5 Tips for Developing a Strong Team

'My ultimate goal is to build a company people want to work for, that strengthens them.'
February 13, 2016

Leading by ExampleAfter Jason Forrest was fired from his job as a stockbroker at Merrill Lynch in 2001, he didn’t wallow in the setback. He took a job in sales, worked his way up to sales manager and eventually became a corporate trainer for a Fortune 500 company. He enjoyed his work as a trainer so much that he founded his own leadership training company, Forrest Performance Group, in July 2010.

Related: This is How to Reinvent Yourself

He is now a member of the Entrepreneurs’ Organization, and his company does more than the average training program by supplying clients with support at every stage instead of just at the beginning.

“We act as mentors throughout this process, offering guidance as new goals are defined and ultimately achieved,” he says.

Forrest believes the key to unlocking people’s potential lies in teaching real-world techniques instead of sales theories, as well as offering long-term, comprehensive programs rather than one-day events (what he nicknames “love you and leave you” seminars). He applies those same ideals to his own business.

“My ultimate goal is to build a company people want to work for, that strengthens them, so they have the necessary energy to go out there and convince everyone they know personally and professionally that they are enough,” he says.

Related: John C. Maxwell: 6 Strategies to Empower Your Team Members

Forrest shares his five keys for developing a strong team:

1. It starts at the beginning.

Rather than hiring based on intuition and the candidate’s experience level, evaluate a person’s likelihood of fitting in with the company culture. Add measurable factors—such as third-party testing and group interviews—to the hiring process.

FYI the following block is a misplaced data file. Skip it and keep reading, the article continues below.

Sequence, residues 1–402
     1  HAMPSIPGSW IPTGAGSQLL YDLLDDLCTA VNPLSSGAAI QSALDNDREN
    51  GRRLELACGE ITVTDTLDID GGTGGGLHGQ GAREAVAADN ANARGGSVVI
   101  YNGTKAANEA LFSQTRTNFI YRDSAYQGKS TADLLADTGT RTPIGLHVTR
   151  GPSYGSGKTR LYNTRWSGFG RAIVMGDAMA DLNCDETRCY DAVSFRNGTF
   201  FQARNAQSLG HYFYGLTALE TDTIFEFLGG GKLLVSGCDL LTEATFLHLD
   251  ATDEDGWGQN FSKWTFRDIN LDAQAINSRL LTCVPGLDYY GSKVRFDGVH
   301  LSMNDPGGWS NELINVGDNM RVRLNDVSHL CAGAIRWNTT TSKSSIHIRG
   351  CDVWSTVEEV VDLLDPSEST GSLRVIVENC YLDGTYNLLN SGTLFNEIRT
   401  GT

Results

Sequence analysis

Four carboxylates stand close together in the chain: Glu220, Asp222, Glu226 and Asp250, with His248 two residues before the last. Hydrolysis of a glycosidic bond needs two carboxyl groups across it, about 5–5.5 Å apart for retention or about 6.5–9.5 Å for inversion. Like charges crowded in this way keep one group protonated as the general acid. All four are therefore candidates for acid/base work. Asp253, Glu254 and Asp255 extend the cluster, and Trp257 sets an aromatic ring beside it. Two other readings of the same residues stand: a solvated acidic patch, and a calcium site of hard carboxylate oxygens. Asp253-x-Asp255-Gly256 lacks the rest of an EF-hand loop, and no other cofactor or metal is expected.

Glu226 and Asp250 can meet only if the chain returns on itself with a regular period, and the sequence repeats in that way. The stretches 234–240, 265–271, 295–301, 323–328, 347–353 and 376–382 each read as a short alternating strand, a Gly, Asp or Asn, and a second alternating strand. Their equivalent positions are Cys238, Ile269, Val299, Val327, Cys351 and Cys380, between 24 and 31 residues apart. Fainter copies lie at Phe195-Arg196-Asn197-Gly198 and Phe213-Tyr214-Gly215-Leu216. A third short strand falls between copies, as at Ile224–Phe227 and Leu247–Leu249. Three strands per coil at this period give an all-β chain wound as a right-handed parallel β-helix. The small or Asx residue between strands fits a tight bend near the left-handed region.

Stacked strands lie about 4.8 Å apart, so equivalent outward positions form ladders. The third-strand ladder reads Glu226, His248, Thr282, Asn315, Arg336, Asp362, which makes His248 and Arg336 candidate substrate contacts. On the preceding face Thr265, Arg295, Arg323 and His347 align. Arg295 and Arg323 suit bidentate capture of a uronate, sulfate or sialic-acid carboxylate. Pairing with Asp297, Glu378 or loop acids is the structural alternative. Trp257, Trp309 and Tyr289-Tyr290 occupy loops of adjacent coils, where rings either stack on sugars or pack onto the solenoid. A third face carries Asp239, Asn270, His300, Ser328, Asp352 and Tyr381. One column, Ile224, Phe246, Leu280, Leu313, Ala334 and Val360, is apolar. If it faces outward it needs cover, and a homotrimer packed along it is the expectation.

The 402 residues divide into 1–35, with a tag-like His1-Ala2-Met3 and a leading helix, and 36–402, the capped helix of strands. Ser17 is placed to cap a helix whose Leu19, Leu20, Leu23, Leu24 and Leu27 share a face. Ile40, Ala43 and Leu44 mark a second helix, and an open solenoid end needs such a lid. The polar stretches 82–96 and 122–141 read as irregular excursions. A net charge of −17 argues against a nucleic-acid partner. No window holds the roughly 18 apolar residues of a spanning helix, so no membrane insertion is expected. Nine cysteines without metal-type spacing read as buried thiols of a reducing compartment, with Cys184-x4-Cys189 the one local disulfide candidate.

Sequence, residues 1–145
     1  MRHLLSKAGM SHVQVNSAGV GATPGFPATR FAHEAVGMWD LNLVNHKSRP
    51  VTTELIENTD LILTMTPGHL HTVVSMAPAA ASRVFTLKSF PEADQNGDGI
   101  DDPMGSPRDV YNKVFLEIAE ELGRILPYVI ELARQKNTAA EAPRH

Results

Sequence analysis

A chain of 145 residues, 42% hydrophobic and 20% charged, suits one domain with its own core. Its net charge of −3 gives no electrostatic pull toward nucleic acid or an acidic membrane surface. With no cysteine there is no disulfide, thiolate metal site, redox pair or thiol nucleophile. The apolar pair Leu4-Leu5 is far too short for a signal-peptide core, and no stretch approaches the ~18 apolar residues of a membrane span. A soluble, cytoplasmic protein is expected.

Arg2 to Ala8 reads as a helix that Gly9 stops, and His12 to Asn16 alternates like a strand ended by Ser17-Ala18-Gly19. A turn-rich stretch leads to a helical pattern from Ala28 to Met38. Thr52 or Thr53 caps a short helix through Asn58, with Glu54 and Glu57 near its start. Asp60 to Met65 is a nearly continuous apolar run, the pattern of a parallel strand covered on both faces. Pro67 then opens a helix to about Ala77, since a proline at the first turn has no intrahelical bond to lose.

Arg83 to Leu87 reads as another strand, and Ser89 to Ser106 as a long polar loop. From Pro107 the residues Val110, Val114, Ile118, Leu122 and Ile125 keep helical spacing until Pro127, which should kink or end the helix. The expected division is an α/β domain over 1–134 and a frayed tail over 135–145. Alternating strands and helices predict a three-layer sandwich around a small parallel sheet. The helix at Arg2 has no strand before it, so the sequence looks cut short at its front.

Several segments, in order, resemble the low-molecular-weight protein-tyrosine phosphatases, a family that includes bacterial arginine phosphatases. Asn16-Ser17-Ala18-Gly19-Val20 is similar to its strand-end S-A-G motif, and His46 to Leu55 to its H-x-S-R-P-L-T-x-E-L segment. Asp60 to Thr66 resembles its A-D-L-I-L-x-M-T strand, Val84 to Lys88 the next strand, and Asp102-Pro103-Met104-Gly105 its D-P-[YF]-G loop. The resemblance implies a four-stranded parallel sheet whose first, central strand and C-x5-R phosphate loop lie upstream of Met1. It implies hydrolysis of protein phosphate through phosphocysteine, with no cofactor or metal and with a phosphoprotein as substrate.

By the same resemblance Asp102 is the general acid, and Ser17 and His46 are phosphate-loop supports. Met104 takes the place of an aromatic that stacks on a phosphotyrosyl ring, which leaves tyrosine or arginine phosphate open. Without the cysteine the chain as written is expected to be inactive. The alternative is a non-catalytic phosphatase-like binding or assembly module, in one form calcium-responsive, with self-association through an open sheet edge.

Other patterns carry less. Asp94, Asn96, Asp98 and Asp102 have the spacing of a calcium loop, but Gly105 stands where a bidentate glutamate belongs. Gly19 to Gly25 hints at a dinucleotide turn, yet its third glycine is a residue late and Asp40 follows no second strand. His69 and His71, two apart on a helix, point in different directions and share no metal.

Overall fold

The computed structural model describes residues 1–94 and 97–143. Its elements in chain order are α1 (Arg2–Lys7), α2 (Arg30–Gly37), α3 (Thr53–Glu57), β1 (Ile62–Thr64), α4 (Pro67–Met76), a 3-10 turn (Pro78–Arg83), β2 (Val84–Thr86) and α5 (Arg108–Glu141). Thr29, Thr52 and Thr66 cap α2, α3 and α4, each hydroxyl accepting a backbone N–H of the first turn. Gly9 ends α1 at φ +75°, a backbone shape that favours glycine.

2. Teach success from the outset.

People panic when they don’t succeed or don’t know how to win. Show them how to be successful at their jobs from the very start.

3. Believe in your team.

Lead them and be a support system for them, but also allow them to make mistakes. Let them do their jobs on their own so they can master them.

4. Emphasize accountability.

Even though you are allowing them to do their jobs independently, remember that weekly or monthly coaching goes a long way.

5. Voice your values.

Forrest Performance Group’s values are accountability, trust, dialogue, excellence and drive. Forrest’s goal is to have a company people want to be a part of, and he accomplishes this by incorporating the company’s values at all stages.

Related: Rohn: 7 Personality Traits of a Great Leader

 

This article appears in the March 2016 issue of SUCCESS magazine.

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